With each new generation come new challenges or different versions of the same struggles that have affected teens for decades. Bullying, peer pressure, body shaming, negative self-perception — the list of teen issues goes on and on. As a parent, you might have your own list from when you were young, but you may be unsure if it fully equips you to help your teen through their own difficulties.
Kids and teens are constantly changing. They grow up quickly and before you know it, your giggly, energetic toddler is a teenager who sleeps until noon. But with all these changes going on, how can we tell which changes are normal?
But early intervention and proper treatment is the key to helping your teen feel better. If you suspect your teen has a mental illness, seek professional help right away. Sometimes, parents struggle to acknowledge their suspicion that their teen may have a mental illness.
And these teen mental disorders are on the rise. In fact, experts say that mental disorders in teenagers are at an all-time high. In addition to depression and anxiety, teenage mental health issues include trauma, Borderline Personality Disorder, and schizophrenia. Furthermore, teenage behavior disorders, such as substance abuse and eating disorders, are also classified as psychological disorders in teens.
The evidence that more children and young people are suffering from mental health problems leads to one obvious question: why? While the research was a primarily statistical exercise, it still yielded significant clues about associations, which may also be causes. Having a parent who has been receiving disability-related income also appeared to be a risk factor, or at least to involve a statistically interesting correlation.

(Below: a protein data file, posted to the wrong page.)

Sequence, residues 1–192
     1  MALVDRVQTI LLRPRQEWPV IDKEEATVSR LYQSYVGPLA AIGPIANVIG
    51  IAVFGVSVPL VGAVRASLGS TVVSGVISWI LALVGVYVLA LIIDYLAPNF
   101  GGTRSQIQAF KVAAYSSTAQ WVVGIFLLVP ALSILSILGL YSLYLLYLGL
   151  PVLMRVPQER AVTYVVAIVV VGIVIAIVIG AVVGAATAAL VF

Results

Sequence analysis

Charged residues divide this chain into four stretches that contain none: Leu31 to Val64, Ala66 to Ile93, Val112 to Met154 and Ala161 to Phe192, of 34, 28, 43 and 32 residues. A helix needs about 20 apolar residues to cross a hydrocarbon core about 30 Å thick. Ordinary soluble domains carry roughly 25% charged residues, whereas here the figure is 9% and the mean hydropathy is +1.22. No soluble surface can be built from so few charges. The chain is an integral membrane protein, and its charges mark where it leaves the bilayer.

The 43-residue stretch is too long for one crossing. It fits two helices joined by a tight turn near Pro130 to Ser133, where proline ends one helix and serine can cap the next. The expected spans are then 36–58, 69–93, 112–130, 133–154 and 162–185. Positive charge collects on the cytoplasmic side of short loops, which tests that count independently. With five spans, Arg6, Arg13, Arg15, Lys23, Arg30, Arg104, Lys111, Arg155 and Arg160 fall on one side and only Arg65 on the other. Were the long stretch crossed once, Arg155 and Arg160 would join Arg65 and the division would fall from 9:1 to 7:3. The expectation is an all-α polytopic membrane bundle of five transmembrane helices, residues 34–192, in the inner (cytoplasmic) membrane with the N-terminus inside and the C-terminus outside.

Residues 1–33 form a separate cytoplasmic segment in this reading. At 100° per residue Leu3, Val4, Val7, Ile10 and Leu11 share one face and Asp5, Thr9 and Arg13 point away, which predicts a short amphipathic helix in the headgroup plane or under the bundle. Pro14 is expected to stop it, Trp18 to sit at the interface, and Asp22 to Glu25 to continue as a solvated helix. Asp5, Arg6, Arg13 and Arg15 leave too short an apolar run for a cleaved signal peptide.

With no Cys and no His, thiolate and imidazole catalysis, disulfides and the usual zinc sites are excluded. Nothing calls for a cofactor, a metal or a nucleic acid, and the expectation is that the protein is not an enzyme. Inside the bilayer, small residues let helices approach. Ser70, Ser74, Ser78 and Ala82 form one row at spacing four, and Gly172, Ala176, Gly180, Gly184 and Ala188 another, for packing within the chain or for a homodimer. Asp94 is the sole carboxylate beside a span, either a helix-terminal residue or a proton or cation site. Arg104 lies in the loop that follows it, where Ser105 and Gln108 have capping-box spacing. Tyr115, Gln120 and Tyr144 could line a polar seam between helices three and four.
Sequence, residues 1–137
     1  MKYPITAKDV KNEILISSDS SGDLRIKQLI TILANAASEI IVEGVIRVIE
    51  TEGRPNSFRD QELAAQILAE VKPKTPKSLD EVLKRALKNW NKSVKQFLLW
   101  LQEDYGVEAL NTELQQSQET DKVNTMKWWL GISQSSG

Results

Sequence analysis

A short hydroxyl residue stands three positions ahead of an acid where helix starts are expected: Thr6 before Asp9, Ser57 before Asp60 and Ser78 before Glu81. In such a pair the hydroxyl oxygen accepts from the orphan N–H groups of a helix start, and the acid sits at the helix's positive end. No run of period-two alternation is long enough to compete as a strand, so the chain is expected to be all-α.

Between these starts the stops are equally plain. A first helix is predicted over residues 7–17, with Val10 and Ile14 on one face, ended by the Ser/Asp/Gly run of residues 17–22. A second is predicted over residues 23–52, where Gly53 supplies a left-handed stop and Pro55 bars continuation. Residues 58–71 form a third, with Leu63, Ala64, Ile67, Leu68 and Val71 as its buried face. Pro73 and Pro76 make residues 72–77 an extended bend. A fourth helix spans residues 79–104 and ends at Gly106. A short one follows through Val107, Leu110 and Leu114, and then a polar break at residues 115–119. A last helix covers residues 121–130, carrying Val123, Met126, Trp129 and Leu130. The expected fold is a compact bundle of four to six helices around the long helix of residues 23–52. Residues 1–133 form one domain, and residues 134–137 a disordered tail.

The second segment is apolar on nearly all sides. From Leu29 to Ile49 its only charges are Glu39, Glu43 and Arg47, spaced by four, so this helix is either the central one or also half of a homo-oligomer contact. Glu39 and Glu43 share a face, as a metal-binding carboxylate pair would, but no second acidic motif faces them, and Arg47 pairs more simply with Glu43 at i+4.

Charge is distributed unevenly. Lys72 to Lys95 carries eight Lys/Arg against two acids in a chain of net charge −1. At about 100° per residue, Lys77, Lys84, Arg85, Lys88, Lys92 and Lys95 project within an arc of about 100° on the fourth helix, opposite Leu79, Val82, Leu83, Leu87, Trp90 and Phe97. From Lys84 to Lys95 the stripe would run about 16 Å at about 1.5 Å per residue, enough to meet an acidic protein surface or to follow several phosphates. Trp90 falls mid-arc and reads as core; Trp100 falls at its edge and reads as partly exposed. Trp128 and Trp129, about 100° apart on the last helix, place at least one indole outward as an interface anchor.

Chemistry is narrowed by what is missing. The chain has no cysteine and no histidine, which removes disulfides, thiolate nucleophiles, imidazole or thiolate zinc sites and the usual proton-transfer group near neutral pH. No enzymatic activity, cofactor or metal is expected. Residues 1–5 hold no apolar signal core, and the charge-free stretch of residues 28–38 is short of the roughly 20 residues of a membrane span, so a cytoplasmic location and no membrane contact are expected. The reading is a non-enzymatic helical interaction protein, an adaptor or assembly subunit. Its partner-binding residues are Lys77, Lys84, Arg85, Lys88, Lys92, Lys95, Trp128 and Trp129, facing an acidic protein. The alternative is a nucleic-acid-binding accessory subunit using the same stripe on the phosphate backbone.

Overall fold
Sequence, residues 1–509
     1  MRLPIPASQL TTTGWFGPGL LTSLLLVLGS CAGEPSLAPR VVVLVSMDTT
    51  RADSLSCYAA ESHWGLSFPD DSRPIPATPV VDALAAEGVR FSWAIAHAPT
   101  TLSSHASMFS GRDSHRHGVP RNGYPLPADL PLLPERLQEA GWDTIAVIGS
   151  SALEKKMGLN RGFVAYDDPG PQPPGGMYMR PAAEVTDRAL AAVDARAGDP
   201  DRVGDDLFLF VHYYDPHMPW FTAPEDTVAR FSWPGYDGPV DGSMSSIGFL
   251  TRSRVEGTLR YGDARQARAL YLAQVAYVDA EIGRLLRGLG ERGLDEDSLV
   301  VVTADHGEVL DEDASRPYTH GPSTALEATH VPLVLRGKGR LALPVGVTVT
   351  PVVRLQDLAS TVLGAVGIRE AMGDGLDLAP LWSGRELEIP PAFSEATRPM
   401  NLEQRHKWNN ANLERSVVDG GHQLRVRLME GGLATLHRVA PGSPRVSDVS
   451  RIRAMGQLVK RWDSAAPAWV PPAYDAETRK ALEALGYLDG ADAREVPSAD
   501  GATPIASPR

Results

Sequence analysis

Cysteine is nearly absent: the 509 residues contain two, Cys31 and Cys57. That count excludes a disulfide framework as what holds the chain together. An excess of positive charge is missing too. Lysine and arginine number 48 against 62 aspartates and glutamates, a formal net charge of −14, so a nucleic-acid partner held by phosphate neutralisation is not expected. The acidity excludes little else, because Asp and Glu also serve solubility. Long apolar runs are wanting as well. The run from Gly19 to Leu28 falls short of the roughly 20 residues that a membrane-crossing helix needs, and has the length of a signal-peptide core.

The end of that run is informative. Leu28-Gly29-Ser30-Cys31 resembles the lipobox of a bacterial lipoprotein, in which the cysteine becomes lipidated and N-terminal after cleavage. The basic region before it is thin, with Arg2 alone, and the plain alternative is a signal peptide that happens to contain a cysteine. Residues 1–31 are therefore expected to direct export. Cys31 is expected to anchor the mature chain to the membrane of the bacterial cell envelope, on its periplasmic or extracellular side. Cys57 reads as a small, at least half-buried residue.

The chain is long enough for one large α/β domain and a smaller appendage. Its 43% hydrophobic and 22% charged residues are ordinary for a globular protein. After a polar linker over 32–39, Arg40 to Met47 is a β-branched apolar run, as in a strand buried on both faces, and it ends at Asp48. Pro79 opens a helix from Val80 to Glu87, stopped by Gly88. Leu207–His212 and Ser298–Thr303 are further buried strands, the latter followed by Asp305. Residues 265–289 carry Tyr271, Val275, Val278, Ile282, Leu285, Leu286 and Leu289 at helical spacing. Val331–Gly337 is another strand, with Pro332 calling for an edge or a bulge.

Mental health problems affect about 1 in 10 children and young people. They include depression, anxiety and conduct disorder, and are often a direct response to what is happening in their lives. The emotional wellbeing of children is just as important as their physical health.
As children move through the various tumultuous transitions that accompany adolescence — physical, emotional, hormonal, sexual, social, intellectual — the pressures and problems they encounter can all too easily seem overwhelming. For many teenagersthese and other pressures can lead to one or more of a variety of mental health disorders; all are matters of concern, and some are life-threatening. Talk about your own experiences and fears when you were an adolescent.
Health and Wellness. Mental illness is more common in teens than you think. For a person to be diagnosed with major depressive disorder, physicians generally look for depressed mood or a lack of interest in hobbies or recreational activities. However, in teens, these signs might show up as changes in their grades, a disinterest in friends, or out-of-character irritability.
Mental health is an important part of overall health for children as well as adults. For many adults who have mental disorders, symptoms were present—but often not recognized or addressed—in childhood and adolescence. For a young person with symptoms of a mental disorder, the earlier treatment is started, the more effective it can be.